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is intel_pstate working with or without HWP?


I wonder IF intel_pstate is working in active_mode with OR without HWP enabled? I believe the processor supports HWP because as I can see 4 HWP flags when I cat /proc/cpuinfo. Namely I can see:

  • hwp
  • hwp_act_window
  • hwp_epp
  • hwp_pkg_req

From the guide - section energy-vs-performance-hints I can read that:

If intel_pstate works in the active mode with the HWP feature enabled in the processor, additional attributes are present in every CPUFreq policy directory in sysfs

But those attributes (energy_performance_preference and energy_performance_available_preferences) are not present in sysfs.

On the other hand, the scaling_driver attribute has the value intel_pstate, so once again by guide - section active-mode I can assume intel_pstate is set in active mode.

This is the default operation mode of intel_pstate. If it works in this mode, the scaling_driver policy attribute in sysfs for all CPUFreq policies contains the string “intel_pstate”.

I find it a bit awkward that intel_state is not using HWP, since it is the default behavior and that there are no kernel parameters telling him to do otherwise. And why are the energy_preference parameters not available in sysfs?

The attribute status which could give a hint is also not present in /sys/devices/system/cpu/intel_pstate/  (see guide - section global attributes)

I am not an expert on the subject and that's why I post this question.

This same behavior is observed in two different machines with the following CPU's - Xeon(R) Gold 6154, Core(TM) i7-6700HQ

Thanks for any help!




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4 Replies
Black Belt

The behavior probably depends on the kernel version (as well as the BIOS).  If I recall correctly, with the CentOS 7.4 and 7.6 releases (3.10 kernels with backports) the default behavior of intel_pstate is ignore HWP if the BIOS has not disabled it.  This allows the user to enable it later, if desired.   The last time I checked there were numerous bugs in the sysfs drivers (e.g., incorrect computation of frequency scaling values, failure to update values across different control mechanisms, etc), so I wrote my own tool to read/write the enable HWP and set the HWP MSRs directly. 

I saw a note in the 4.4 kernel discussions that mentioned changing the default behavior to enabling HWP, but I have not used any kernels that new.


Thanks for your reply. My delay on this response was due to having access to BIOS parameters.

Bellow are the BIOS parameters for my system regarding the processor unit. I do not see any configuration that might be disabling HWP on my system :

    Processors.UPILinkDisable=Enable All Links
    Processors.SnoopPreference=Home Snoop Plus
    Processors.UPILinkFrequency=Max Performance
    Processors.CPUFrequencyLimits=Full turbo uplift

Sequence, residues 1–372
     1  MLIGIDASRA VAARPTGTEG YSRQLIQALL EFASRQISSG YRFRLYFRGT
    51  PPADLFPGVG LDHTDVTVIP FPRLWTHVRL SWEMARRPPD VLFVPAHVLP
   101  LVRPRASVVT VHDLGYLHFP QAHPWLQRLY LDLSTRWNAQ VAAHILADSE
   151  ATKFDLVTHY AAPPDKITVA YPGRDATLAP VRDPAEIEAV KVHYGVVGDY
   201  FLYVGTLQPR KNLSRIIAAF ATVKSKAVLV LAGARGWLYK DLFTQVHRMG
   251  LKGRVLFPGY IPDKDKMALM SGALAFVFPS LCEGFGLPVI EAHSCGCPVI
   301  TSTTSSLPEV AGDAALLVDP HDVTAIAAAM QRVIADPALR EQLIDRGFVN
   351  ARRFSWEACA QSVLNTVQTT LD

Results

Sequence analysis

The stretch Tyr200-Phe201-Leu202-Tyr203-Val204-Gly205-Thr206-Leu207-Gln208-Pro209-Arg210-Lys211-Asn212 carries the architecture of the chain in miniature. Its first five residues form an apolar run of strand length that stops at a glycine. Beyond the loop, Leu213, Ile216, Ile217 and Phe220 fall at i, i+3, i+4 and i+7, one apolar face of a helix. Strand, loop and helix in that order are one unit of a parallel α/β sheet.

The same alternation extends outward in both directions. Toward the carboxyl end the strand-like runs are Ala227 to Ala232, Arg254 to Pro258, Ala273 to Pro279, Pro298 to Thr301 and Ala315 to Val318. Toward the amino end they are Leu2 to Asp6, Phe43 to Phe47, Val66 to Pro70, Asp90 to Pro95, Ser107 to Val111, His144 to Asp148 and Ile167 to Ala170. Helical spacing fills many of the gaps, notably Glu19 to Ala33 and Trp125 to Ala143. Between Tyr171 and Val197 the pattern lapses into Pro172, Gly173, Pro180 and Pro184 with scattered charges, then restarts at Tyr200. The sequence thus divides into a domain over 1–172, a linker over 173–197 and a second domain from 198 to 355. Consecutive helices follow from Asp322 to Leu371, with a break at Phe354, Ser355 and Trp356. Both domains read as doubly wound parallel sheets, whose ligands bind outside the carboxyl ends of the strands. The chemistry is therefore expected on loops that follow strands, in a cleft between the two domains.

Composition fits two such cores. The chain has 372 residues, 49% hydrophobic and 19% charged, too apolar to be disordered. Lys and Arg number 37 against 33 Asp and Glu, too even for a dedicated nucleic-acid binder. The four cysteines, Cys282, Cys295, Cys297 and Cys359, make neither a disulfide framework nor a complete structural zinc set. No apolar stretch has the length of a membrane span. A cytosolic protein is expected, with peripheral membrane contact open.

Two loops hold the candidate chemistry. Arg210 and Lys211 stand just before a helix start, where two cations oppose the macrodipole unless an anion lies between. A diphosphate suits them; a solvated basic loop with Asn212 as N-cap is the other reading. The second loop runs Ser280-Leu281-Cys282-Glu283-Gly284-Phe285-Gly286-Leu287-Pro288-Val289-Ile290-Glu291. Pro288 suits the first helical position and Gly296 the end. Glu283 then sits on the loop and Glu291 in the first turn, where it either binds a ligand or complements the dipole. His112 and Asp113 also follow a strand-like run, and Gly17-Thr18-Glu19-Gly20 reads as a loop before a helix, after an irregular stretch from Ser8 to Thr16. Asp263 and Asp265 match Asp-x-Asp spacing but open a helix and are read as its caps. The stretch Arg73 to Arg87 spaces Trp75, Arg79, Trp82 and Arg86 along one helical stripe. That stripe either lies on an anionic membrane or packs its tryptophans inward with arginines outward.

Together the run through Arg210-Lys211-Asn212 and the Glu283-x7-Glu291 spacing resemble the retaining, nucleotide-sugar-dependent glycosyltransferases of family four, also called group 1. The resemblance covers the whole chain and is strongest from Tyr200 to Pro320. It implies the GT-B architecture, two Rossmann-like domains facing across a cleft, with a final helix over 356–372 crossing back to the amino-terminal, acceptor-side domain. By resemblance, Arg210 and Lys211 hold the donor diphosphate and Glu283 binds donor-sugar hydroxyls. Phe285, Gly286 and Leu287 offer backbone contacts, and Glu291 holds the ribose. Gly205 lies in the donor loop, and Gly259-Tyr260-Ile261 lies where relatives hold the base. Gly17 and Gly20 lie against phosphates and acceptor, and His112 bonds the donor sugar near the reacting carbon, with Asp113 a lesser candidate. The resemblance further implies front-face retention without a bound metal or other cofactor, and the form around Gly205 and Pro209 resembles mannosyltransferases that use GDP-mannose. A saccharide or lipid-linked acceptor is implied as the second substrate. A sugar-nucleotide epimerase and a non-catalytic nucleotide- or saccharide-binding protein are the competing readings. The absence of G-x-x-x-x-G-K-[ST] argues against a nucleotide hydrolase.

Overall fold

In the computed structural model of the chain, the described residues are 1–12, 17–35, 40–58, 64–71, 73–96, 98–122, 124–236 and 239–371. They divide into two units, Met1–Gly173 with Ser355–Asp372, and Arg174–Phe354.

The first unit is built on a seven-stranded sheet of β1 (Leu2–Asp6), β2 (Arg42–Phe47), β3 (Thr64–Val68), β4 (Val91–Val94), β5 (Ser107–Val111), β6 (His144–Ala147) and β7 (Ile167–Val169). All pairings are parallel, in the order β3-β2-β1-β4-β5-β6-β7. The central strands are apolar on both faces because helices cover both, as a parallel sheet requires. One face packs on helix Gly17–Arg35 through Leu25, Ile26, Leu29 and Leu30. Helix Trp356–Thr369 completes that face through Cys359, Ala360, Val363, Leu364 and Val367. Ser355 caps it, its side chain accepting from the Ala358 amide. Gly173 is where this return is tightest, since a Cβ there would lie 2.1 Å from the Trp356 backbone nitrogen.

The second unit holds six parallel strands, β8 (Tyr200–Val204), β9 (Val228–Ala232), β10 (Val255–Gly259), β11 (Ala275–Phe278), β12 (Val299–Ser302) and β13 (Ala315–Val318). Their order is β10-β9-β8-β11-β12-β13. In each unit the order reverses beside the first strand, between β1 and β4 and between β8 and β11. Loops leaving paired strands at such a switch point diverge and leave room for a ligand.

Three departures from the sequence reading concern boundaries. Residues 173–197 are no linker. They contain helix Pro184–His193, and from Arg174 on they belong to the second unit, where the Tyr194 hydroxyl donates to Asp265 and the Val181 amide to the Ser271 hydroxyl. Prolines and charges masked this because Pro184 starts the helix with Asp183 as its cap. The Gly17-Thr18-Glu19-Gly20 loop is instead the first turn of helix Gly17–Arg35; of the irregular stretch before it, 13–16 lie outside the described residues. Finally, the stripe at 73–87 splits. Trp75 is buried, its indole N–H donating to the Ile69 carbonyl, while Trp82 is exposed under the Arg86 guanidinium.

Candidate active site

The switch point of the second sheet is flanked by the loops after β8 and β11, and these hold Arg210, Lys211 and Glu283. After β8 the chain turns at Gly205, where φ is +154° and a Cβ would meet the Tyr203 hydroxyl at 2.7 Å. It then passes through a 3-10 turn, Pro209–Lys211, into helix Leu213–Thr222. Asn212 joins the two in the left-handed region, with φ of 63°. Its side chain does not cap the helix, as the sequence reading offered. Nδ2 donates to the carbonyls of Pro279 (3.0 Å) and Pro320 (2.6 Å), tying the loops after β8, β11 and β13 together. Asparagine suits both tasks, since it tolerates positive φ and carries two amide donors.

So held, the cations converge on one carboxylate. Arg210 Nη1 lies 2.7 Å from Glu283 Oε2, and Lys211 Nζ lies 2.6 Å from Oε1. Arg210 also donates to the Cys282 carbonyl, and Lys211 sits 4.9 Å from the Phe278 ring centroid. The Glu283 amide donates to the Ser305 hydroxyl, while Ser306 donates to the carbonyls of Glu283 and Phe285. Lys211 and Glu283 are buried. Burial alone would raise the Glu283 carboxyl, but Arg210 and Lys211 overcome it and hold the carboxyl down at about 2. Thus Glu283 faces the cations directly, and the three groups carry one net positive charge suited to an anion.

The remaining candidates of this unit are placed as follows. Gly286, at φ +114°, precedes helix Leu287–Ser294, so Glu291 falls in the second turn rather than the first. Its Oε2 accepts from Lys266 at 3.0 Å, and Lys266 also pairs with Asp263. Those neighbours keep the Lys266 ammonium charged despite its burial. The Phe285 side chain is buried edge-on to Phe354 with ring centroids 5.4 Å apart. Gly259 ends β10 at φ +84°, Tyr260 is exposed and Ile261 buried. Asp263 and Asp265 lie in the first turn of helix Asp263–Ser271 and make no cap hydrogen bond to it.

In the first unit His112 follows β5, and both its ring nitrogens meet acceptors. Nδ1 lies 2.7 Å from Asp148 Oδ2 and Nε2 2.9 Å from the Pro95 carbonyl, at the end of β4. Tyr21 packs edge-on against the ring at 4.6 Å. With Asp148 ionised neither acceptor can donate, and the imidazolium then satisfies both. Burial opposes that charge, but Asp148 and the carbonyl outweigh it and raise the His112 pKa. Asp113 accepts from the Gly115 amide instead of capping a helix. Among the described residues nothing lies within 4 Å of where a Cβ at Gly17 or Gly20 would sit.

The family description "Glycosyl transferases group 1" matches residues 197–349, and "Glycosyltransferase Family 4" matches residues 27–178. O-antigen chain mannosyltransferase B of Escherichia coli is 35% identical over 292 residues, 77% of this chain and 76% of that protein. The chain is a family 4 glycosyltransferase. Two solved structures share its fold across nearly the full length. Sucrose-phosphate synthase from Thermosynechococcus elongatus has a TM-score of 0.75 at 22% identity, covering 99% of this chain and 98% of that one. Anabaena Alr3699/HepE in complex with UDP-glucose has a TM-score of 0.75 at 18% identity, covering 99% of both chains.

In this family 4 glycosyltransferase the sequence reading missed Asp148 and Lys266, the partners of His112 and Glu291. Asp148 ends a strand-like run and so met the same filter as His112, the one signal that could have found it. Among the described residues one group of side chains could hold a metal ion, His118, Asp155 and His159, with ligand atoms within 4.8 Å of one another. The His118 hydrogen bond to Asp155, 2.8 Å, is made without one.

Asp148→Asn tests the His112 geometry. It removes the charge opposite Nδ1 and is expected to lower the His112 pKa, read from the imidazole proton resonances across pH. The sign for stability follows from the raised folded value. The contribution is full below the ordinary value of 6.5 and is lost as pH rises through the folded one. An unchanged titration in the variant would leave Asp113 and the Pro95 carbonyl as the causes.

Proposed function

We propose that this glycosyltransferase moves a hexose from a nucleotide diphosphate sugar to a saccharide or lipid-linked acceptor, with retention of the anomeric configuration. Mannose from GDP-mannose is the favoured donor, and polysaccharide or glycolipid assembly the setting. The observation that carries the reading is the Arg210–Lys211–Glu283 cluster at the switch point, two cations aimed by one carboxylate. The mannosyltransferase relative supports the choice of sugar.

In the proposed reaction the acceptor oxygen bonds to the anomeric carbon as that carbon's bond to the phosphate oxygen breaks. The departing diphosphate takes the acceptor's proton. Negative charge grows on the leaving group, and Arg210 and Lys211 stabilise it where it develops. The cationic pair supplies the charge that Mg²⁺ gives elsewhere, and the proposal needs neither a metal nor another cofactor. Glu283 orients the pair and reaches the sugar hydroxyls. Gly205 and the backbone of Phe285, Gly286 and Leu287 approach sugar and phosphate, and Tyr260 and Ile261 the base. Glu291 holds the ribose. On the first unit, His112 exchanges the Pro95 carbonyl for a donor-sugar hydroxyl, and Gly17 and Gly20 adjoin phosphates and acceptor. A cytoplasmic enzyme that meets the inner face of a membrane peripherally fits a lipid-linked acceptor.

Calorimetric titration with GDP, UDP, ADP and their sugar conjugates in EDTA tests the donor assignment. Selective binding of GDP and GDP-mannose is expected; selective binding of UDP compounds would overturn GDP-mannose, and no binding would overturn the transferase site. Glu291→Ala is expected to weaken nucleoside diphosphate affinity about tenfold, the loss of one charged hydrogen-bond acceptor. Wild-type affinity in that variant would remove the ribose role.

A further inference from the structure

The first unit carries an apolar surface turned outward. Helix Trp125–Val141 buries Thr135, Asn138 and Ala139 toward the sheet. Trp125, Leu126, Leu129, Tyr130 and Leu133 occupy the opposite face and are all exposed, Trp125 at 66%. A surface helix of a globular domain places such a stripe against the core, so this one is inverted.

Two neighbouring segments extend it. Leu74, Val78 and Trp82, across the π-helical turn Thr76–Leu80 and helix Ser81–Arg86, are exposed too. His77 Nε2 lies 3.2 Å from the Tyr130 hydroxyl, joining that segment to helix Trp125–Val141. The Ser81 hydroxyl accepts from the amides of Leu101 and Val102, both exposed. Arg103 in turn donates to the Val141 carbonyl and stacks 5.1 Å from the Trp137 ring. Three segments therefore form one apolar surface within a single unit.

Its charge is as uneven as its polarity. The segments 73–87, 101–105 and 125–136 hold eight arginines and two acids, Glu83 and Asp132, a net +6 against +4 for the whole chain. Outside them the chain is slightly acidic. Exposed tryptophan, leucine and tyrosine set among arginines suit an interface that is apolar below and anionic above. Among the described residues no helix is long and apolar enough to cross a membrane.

My kernel is 4.9.0. AFAIK, HWP is the default method since kernel 4.6-rc1 (see commit
Having no kernel options that could disable HWP (like intel_pstate=no_hwp) and neither BIOS options conflicting with HWP usage, I'me forced to admit that it must enabled. I have no evidence of otherwise.

It would be great to have method that could hint on the HWP usage. Like tweaking sysfs parameters and watching for system response. But I only have the following attributes under intel_pstate directory and I'm not sure what kind of tweak I could do that would reveal HWP behaviour - max_perf_pct, min_perf_pct, no_turbo, num_pstates and turbo_pct.

Regading the driver modus operandi I'm not sure I quite understand it's behaviour when HWP is enabled.

In the docs it says in "active mode with HWP intel_pstate relies on the processor to select P-states by itself". Can I assume that in this case the govenors aren't used anymore? It also says that "What those hints are depends on which P-state selection algorithm has been applied to the given policy". But isn't this policy applied by the governor? I thought when I chose some governor that some very concrete policy (and algorithm) would be applied.

I see now that the words governor, policy and algorithm can be tricky. So, the governor is not used to chose the p-states, but it's still used to define a policy? Which then will hint the processor on how to chose it's own p-states? I think I've got it!

If it's not to abuse, can I ask for the difference between the this two attributes? Is there any? Why there are two different attributes if they have the same info? - scaling_cur_freq and cpuinfo_cur_freq

Thanks for your help.


Black Belt

The option "Processors.CPUPstateControl=Cooperative" might be related to HWP capabilities....

CPUID leaf 0x06 provides information about whether HWP is supported (i.e., has not been disabled by the BIOS).   Most of my systems show that HWP is *not* supported (%eax bit 7 is clear) because the BIOS has full control of the frequency.   Enabling a BIOS option with a description along the lines of "OS frequency control" results in HWP being reported as available by CPUID.  Once CPUID reports HWP as available, MSR 0x770 can be read and if it is zero, bit 0 can be written to enable HWP.  Then I control frequency by writing the desired minimum and maximum core clock ratios to MSR 0x774 (IA32_HWP_REQUEST) on each logical processor.   This controls the frequency (subject to max Turbo frequencies and power limits) while the core is active, but does not prevent the HW from dropping the frequency to the "maximum efficiency frequency" (typically 1.0 GHz on SKX/CLX Xeon) while in core C1E state.

The Linux governors can use HWP, but in my experience they don't do it correctly in the CentOS 7 kernels (3.10.x).  I gave up trying to keep track of the bugs -- especially after seeing that there is no "userspace" governor available with HWP enabled (at least in the kernel levels that I have been working with).


Thank you very much for your help.